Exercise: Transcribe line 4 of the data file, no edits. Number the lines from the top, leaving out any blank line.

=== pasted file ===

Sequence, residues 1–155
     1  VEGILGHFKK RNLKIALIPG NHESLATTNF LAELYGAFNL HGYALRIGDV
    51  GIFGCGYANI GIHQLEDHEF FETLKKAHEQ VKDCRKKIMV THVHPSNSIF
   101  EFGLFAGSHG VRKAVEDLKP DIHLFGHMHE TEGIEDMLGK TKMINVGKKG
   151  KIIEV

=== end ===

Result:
   101  EFGLFAGSHG VRKAVEDLKP DIHLFGHMHE TEGIEDMLGK TKMINVGKKG